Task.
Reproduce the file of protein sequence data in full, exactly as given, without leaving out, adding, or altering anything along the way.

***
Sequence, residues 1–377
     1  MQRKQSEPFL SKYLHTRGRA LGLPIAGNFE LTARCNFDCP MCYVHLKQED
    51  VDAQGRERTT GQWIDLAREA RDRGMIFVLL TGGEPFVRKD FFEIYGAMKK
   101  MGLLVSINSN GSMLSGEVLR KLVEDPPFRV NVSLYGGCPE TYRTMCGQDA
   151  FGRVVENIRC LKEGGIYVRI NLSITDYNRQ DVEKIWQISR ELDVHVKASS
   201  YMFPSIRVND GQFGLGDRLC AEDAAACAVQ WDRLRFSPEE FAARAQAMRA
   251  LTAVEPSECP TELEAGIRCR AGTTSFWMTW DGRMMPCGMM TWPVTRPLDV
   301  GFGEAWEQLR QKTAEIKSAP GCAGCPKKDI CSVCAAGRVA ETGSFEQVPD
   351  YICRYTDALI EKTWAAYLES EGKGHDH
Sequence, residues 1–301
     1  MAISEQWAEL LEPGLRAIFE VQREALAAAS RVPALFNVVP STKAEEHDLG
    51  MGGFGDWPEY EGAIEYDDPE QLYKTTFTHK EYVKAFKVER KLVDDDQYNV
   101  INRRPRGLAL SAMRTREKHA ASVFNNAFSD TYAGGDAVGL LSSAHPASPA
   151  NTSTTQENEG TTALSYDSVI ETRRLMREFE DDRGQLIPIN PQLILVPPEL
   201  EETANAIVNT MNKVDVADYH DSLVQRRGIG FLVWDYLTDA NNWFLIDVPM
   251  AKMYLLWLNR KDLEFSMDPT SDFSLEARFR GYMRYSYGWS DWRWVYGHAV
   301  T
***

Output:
Sequence, residues 1–377
     1  MQRKQSEPFL SKYLHTRGRA LGLPIAGNFE LTARCNFDCP MCYVHLKQED
    51  VDAQGRERTT GQWIDLAREA RDRGMIFVLL TGGEPFVRKD FFEIYGAMKK
   101  MGLLVSINSN GSMLSGEVLR KLVEDPPFRV NVSLYGGCPE TYRTMCGQDA
   151  FGRVVENIRC LKEGGIYVRI NLSITDYNRQ DVEKIWQISR ELDVHVKASS
   201  YMFPSIRVND GQFGLGDRLC AEDAAACAVQ WDRLRFSPEE FAARAQAMRA
   251  LTAVEPSECP TELEAGIRCR AGTTSFWMTW DGRMMPCGMM TWPVTRPLDV
   301  GFGEAWEQLR QKTAEIKSAP GCAGCPKKDI CSVCAAGRVA ETGSFEQVPD
   351  YICRYTDALI EKTWAAYLES EGKGHDH
Sequence, residues 1–301
     1  MAISEQWAEL LEPGLRAIFE VQREALAAAS RVPALFNVVP STKAEEHDLG
    51  MGGFGDWPEY EGAIEYDDPE QLYKTTFTHK EYVKAFKVER KLVDDDQYNV
   101  INRRPRGLAL SAMRTREKHA ASVFNNAFSD TYAGGDAVGL LSSAHPASPA
   151  NTSTTQENEG TTALSYDSVI ETRRLMREFE DDRGQLIPIN PQLILVPPEL
   201  EETANAIVNT MNKVDVADYH DSLVQRRGIG FLVWDYLTDA NNWFLIDVPM
   251  AKMYLLWLNR KDLEFSMDPT SDFSLEARFR GYMRYSYGWS DWRWVYGHAV
   301  T